After 3 years of living here in Paris, I’ve begun to pick up on some of the more obscure but fascinating details of this unique culture.
Parenting is a prime example, and I may have discussed it here before. I know I’ve discussed it with French and American friends at length.
The overall behavior and manners of Parisian children and adolescents here are much better than those of American young people. That’s just a given.
(And note I say ‘Parisian’ and not ‘French’ because all Parisians are French, but not all French are Parisians. And Parisians, it should be noted, have their own cultural idiosyncrasies that many French people from other cities and regions are quick to distance themselves from. Think of the relationship the same way you would with regards to New Yorkers and Americans: a very distinctive subset with a few common attributes. Also, I interact daily with Parisians and only occasionally with other non-Parisian French.)
Factors that contribute to better-behaved young people, in my opinion, include: not being bombarded with as much television (average television times from 2015 to 2018 are decreasing, in fact, in France, and hover around 3 hours per day, as opposed to the 4 hours per day for American children); French children from kindergarten to 9th grade are not allowed to have cell phones in the classroom, limiting the early influence of social media; and, most of all, in Paris there is a particular, lovely tradition referred to as ‘bien eleve’, meaning to be ‘well-raised’.
This term not only includes manners, but also education and a certain amount of culture. For Parisian parents, it is a serious issue, if not the most critical: if you are given a good education, your parents have done their job. If, as a parent, you fail at this, you have failed, regardless of your other accomplishments.
The sharp edge is also there for children. Do not complain about the lack of communication between you and your mother, whine about an emotionally distant father, or feel disadvantaged because you didn’t get a pony for your 16th birthday. ‘You got a good education,’ so shut up and live your life.’ This is the Parisian attitude I’ve heard expressed on several occasions by the working class and elite alike.
This concept of ‘education’, however, begins before formal schooling and extends beyond classroom walls. It is a daily exercise that involves the parents, and it is something my wife and I see frequently in Paris. The scenario usually involves a (4, 5, or 6 year old) child who has, intentionally or accidentally, done something that is inconsiderate, disruptive, or rude in public.
The Parisian Parent Strategy for handling this ‘learning opportunity’ has, I’ve come to notice, several key components that are worthy of note. They are as follows:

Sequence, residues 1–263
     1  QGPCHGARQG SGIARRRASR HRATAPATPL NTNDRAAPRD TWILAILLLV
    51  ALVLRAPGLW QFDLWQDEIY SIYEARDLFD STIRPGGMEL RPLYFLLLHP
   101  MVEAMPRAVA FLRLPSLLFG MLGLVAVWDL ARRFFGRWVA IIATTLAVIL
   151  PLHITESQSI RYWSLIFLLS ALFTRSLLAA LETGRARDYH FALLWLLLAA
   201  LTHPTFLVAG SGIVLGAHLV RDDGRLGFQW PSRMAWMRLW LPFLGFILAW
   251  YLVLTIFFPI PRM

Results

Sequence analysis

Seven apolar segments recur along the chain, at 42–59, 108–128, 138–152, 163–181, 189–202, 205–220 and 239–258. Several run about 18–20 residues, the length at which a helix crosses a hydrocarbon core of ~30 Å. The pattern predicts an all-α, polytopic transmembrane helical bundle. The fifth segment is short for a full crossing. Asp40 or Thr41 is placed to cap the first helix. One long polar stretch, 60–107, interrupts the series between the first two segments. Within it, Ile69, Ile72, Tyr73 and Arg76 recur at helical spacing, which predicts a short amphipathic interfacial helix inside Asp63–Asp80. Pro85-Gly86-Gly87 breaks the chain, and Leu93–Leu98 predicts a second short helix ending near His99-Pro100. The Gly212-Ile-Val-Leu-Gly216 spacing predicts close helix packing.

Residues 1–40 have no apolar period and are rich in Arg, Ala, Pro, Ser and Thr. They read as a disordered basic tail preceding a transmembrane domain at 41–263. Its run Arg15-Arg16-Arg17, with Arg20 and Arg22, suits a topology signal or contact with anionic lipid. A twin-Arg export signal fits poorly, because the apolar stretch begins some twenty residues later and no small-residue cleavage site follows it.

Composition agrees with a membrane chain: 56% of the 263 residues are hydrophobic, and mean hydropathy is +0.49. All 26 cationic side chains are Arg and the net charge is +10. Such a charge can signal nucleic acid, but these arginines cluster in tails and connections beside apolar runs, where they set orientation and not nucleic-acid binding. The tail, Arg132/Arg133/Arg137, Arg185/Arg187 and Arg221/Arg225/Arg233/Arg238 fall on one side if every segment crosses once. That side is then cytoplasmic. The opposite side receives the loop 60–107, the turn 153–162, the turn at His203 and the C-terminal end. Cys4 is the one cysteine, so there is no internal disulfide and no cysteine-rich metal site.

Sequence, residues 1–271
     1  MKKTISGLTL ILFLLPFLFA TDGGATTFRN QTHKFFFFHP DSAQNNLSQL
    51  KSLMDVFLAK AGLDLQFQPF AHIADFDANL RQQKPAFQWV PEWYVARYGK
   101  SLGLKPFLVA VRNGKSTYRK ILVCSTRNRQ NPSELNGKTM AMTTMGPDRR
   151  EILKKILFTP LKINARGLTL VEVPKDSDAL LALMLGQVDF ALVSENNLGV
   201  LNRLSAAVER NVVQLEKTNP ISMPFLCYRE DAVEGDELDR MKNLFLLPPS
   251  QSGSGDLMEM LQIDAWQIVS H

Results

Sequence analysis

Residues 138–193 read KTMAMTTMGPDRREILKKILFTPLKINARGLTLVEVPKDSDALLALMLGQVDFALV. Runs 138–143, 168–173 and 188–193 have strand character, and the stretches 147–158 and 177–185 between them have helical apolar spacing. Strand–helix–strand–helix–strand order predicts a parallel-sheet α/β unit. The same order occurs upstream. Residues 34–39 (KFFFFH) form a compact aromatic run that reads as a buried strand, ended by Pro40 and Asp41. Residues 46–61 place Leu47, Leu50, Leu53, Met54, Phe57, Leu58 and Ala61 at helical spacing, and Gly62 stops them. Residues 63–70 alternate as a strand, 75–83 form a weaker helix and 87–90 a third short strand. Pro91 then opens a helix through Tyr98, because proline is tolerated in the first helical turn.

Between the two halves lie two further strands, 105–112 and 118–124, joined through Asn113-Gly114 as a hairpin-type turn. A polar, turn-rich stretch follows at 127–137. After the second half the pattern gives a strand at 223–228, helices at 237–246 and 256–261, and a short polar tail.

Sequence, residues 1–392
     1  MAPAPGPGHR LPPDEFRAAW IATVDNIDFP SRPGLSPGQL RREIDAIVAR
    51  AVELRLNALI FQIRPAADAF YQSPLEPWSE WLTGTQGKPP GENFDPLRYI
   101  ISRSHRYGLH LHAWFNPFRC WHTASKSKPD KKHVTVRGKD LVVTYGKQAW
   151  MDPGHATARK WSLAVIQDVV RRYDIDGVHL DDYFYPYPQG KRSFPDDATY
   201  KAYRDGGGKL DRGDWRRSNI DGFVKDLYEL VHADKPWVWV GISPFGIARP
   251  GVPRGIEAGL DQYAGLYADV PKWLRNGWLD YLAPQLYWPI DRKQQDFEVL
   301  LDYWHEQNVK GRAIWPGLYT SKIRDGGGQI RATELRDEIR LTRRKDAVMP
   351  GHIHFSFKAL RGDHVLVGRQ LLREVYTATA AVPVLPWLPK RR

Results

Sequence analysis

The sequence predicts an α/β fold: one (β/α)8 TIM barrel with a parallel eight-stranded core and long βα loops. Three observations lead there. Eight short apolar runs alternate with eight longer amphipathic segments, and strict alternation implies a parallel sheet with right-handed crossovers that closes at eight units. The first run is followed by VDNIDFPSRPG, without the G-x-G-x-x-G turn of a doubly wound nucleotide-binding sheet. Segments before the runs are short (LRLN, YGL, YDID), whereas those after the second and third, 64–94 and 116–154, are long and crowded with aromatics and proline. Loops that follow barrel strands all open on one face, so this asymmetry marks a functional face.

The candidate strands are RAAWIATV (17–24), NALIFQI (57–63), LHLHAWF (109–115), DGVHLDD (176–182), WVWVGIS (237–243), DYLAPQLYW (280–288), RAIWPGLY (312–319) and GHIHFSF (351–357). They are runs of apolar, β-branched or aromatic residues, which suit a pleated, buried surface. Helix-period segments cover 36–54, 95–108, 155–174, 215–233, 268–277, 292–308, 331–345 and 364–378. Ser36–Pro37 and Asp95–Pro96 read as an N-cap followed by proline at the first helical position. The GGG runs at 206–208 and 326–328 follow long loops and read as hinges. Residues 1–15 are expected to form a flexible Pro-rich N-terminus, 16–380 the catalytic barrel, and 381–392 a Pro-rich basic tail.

First, the issue is addressed immediately. There’s no, “When we get home, we’re going to have a serious conversation about this, Jimmy.” Oh no. It’s right then, and it’s right there. Changing behavior happens in real time, while the issue is fresh. A Parisian parent will put everything but life-saving heart surgery on hold to address a problem with their child’s behavior. And you know what? The rest of Paris is happy to wait patiently while they do it, silently supporting and appreciating a parent who is doing their duty, regardless of any minor delays it might cause.
Second, the parent gets down on the child’s level. The parent will not speak down to the child, literally or figuratively. They will kneel down, get within inches of the child’s face, and very quietly and calmly explain the issue with the child’s behavior. There’s no yelling or screaming involved, but trust me, that child is getting an earful.
Logic and reason are applied relentlessly until the child understands what they’ve done wrong and why they can’t do it in the future. I’ve heard more than one Parisian say that it’s their job to ‘educate’ their children, not ‘discipline’ their children, and this approach confirms that philosophy. Le petit Jacques gets his etiquette lesson, firmly but politely, up close and personal, and in public.
Finally, the child must acknowledge that they understand and accept the correct way to behave before the issue is put to bed. And this can be an extended period of time for a stubborn child, but, in the end, the parent wins out. They simply won’t go on with their shopping, walking, or dining until the matter has its d’accord. I would imagine that, after a few encounters with the iron will of a Parisian mother, that a child would soon learn that prompt surrender would be the best strategy. To resist is futile, as they say in the best science fiction movies.
This constant intervention and grooming during childhood results in a society of young people who are polite and considerate at an older age. Here, social status is a multifaceted concept. Wealth and privilege play but a part, and those advantages can be compromised severely–or completely–if you’re not well-mannered.
I think it was a Frenchman who once remarked that it’s not the hand of cards we’re dealt, but how we play it. Teach your children well, early and often, so they have their best chance in the game.